Conference of Agriculture Ministers: Federal states are demanding more money from the federal government for conversion to more animal welfare

The federal states have demanded more money from the federal government for the conversion of livestock farming in Germany.

Conference of Agriculture Ministers: Federal states are demanding more money from the federal government for conversion to more animal welfare

The federal states have demanded more money from the federal government for the conversion of livestock farming in Germany. There is currently a lack of financial security, said Saxony's Minister of Agriculture Wolfram Günther (Greens) after an extraordinary conference of agriculture ministers in Berlin. More money must be made available by the federal government if the goal is a "really comprehensive system", said the conference chairman, Schleswig-Holstein's Minister of Agriculture Werner Schwarz (CDU).

The federal government intends to support farmers with a total of one billion euros in converting their stables to higher animal husbandry standards and with ongoing additional costs. This means that only ten percent of the funding needs identified by a commission are available, said Mecklenburg-Western Pomerania's Minister of Agriculture, Till Backhaus (SPD), on the sidelines of the conference. The planned federal program has so far been limited to pig farming - there has also been criticism of that.

Özdemir: Funding of one billion euros is just the start

Federal Minister of Agriculture Cem Özdemir (Greens) said that the funding of one billion euros was only the start. But he also emphasized that the traffic light coalition in the federal government is doing more than previous governments. It is important to start now with the restructuring of livestock farming.

According to Minister Schwarz, the federal government was asked to present a concept for the next conference of agriculture ministers in autumn that takes into account the entire lifespan of a pig. So far, the plans of the federal government have left out sow husbandry, for example.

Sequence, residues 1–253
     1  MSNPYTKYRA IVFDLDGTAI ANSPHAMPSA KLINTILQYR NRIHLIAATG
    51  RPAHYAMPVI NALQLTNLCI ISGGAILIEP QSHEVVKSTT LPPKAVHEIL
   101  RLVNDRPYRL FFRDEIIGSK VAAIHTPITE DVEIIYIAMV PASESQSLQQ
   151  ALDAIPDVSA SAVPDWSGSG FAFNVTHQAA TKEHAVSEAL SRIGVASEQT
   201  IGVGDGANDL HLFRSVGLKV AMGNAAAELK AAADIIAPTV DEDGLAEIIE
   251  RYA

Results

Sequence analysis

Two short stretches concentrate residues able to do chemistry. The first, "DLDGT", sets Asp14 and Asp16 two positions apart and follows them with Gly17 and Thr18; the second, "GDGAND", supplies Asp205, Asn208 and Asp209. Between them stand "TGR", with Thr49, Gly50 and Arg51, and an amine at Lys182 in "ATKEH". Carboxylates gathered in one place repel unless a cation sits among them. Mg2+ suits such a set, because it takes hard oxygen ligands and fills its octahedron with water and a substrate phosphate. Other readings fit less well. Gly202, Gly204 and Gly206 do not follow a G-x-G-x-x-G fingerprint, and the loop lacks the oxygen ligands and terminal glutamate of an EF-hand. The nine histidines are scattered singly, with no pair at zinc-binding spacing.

According to Lower Saxony's Minister of Agriculture, Miriam Staudte (Greens), the federal states have "really gotten together". The states had agreed that the federal government had to provide sufficient and permanent funding for the conversion of livestock farming. A long-term financing concept for the entire conversion is necessary.

"The big challenge lies in giving animals more space while at the same time complying with clean air regulations," said Staudte. The agriculture ministers have set a common signal for uniform application, so that the approvals are no longer blocked by conflicting requirements. There is a risk that stables that are converted for more animal welfare will release more emissions - for example because the animals can also get fresh air. Then exhaust air purification would no longer be possible. However, the emissions could be greatly reduced through structural measures and barn management.

Farmers' association is pushing for concrete results

The German Farmers' Association is pushing for concrete results. It is certainly positive that there is a broad consensus on the necessary improvements to labeling, financing and interpretation of the "Technical Instructions for Air Pollution Control" (TA Luft). "As before, however, there are only general work orders for expert groups and no binding and short-term time limit. We no longer have this time," criticized the Secretary General of the Farmers' Association, Bernhard Krüsken. Closing the significant gaps in funding and in the Animal Husbandry Labeling Act could not be delayed either.

"At the end of the day, no company can buy anything from the declarations," said the managing director of the interest group of pig farmers in Germany, Torsten Staack. It is crucial that one agrees on uniform criteria. "These are currently such major hurdles that even companies that have already started would shy away from making investments."

The Schwerin Agriculture Minister Backhaus demanded that "not only investments, but also the running costs that increase with more animal welfare must be compensated". Animal husbandry is an important building block for self-sufficiency in food. "We must do everything we can to prevent relocation abroad, which often has lower animal welfare and environmental standards, as well as wage and social dumping," said the SPD politician.

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